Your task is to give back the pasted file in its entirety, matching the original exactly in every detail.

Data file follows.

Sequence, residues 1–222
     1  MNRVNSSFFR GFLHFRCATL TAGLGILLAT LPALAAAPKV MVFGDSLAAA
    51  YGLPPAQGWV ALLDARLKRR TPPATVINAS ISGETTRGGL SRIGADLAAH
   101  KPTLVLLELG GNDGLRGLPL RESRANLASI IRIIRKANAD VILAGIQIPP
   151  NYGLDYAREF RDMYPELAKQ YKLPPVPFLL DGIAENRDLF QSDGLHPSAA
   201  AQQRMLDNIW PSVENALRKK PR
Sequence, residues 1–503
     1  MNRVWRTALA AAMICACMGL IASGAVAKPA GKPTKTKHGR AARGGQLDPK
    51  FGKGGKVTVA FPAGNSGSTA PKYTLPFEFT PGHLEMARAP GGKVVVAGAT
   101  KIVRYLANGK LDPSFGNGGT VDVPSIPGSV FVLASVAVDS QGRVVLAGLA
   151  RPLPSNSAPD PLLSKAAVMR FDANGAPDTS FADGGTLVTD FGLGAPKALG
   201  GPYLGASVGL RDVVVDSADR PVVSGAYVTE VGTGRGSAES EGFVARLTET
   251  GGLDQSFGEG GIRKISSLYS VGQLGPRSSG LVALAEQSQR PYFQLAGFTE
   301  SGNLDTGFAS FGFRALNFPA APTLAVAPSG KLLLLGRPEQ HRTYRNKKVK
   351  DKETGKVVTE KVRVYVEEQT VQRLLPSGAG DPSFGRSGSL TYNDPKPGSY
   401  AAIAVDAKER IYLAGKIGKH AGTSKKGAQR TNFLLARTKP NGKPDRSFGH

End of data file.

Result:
Sequence, residues 1–222
     1  MNRVNSSFFR GFLHFRCATL TAGLGILLAT LPALAAAPKV MVFGDSLAAA
    51  YGLPPAQGWV ALLDARLKRR TPPATVINAS ISGETTRGGL SRIGADLAAH
   101  KPTLVLLELG GNDGLRGLPL RESRANLASI IRIIRKANAD VILAGIQIPP
   151  NYGLDYAREF RDMYPELAKQ YKLPPVPFLL DGIAENRDLF QSDGLHPSAA
   201  AQQRMLDNIW PSVENALRKK PR
Sequence, residues 1–503
     1  MNRVWRTALA AAMICACMGL IASGAVAKPA GKPTKTKHGR AARGGQLDPK
    51  FGKGGKVTVA FPAGNSGSTA PKYTLPFEFT PGHLEMARAP GGKVVVAGAT
   101  KIVRYLANGK LDPSFGNGGT VDVPSIPGSV FVLASVAVDS QGRVVLAGLA
   151  RPLPSNSAPD PLLSKAAVMR FDANGAPDTS FADGGTLVTD FGLGAPKALG
   201  GPYLGASVGL RDVVVDSADR PVVSGAYVTE VGTGRGSAES EGFVARLTET
   251  GGLDQSFGEG GIRKISSLYS VGQLGPRSSG LVALAEQSQR PYFQLAGFTE
   301  SGNLDTGFAS FGFRALNFPA APTLAVAPSG KLLLLGRPEQ HRTYRNKKVK
   351  DKETGKVVTE KVRVYVEEQT VQRLLPSGAG DPSFGRSGSL TYNDPKPGSY
   401  AAIAVDAKER IYLAGKIGKH AGTSKKGAQR TNFLLARTKP NGKPDRSFGH